I admit it:  I am a sucker for almost any wine labeled “Old Vine.” Grapes from old vines have to be better, don’t they? And the same goes for whiskey, no?  If it’s been in the barrel for 20 years or more, it’s got to be dynamite, for sure.

Well, the answer won’t be much of a spoiler:  No, not necessarily, and Maybe, but probably not.
Touting the age of alcoholic beverages seems to be a great marketing ploy, whether it be for not-so-hot zinfandels, or whiskey that gets its flavors and texture from aging in wood.
Recently, the international beverage giant Diageo, which has bought into several Kentucky whiskey brands and distilling operations, released Bourbon bottlings that they claim they found in “lost” barrels stored in warehouses at the old Stitzel-Weller facility in Louisville. Diageo has bottled the contents of these barrels, and released them in limited and very pricey “editions”–the Old Blowhard (26 years and 90.7 proof) is priced at $150, and the Barterhouse (20 years and 90.2 proof) sells for $75.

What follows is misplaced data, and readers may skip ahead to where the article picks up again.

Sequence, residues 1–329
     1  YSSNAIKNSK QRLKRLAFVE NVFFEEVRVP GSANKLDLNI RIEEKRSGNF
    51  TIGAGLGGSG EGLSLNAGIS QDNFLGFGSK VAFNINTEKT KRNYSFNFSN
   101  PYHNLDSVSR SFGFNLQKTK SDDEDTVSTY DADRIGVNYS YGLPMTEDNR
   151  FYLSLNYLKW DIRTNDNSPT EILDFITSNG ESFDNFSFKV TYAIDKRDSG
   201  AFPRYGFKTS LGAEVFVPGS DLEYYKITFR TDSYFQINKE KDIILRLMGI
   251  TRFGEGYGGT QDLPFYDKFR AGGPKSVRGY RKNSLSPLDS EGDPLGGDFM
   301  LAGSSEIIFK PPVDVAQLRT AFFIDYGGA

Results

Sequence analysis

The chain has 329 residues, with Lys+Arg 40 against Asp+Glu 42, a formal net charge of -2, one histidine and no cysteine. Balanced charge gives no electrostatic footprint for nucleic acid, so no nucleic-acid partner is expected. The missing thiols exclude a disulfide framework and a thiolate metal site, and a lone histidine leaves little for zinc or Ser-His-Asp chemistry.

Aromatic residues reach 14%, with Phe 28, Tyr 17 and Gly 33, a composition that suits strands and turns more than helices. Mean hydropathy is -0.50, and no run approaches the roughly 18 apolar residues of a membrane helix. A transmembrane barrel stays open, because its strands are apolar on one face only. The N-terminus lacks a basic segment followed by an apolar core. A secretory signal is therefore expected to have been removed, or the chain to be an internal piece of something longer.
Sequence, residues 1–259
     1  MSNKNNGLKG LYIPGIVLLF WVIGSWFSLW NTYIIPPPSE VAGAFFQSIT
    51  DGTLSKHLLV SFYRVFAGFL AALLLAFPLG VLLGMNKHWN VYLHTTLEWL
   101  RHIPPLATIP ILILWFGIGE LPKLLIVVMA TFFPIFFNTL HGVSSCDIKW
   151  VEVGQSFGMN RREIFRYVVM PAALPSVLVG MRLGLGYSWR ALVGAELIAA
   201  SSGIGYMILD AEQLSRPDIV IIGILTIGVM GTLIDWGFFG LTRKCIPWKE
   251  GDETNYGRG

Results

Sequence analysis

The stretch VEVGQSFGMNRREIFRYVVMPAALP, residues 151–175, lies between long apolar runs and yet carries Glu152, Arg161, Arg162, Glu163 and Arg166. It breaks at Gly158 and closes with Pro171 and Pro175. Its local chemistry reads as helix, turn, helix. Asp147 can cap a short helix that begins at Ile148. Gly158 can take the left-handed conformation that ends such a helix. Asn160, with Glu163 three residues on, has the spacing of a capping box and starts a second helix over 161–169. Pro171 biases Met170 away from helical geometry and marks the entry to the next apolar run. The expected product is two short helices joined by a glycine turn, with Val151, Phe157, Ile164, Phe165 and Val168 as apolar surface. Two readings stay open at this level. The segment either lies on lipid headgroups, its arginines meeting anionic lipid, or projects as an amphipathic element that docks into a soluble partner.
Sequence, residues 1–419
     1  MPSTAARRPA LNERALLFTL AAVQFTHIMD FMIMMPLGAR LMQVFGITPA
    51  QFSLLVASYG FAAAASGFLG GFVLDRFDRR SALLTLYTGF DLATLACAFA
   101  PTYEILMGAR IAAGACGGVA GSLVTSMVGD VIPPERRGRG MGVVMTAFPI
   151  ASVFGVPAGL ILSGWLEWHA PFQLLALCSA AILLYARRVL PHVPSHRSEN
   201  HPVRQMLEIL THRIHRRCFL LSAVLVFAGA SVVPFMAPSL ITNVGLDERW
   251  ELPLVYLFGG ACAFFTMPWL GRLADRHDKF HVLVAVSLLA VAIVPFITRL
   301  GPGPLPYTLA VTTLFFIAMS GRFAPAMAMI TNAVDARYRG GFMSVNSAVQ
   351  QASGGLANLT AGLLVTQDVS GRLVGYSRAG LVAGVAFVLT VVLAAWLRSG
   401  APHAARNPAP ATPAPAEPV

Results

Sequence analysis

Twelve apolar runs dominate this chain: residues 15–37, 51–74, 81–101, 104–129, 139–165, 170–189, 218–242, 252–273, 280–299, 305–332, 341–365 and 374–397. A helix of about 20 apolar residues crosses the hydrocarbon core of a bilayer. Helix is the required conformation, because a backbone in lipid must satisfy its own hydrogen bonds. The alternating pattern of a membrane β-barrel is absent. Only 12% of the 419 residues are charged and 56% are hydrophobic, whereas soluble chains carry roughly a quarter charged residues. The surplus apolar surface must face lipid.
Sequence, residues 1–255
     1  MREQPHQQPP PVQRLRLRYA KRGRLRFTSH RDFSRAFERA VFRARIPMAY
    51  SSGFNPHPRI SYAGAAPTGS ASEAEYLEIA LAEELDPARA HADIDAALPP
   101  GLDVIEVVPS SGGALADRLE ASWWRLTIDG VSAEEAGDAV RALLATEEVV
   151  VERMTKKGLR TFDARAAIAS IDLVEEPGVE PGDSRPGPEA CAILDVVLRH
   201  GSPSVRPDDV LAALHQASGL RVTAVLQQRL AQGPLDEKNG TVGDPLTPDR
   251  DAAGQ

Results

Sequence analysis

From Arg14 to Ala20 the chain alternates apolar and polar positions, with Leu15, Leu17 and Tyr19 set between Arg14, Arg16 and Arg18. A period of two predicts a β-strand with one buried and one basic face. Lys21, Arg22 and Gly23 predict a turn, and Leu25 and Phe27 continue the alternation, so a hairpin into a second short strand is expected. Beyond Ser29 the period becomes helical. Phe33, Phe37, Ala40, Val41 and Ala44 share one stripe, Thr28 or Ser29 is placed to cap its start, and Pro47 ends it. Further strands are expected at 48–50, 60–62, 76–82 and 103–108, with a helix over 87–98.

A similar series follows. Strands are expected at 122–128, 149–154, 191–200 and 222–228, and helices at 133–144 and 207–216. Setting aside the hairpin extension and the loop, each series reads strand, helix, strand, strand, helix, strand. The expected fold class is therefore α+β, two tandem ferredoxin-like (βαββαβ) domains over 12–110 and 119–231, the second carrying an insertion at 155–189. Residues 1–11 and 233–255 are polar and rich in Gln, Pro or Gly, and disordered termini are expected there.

F&D’s Bourbon writer, Carla Carlton, was at a tasting of these two “orphans” recently.  Her review of these crafty marketing ploys can be found here.  In her review, she explains that the whiskey was not “lost” on the usual sense of the word, but was part of a distilling run that for various reasons did not get bottled on schedule, and remained stored in the barrelhouse until a new inventory rooted them out.
Taking advantage of suckers like me who drool at aged cheeses, wines and whiskey, Diageo has come up with the gimmick of calling these 20 year plus barrels “lost” or “orphaned”, designing cool bottles, and giving them heft price tags.  Carla gives her tasting notes in her  Bourbon Babe blog. Her assessment in a nutshell: “It’s a canny move by the company to create a new line of ‘rare’ whiskeys that trade on the reputation of distilling legends like Stitzel-Weller. I hope they will find some undiscovered gems, but I’m not completely sold yet.”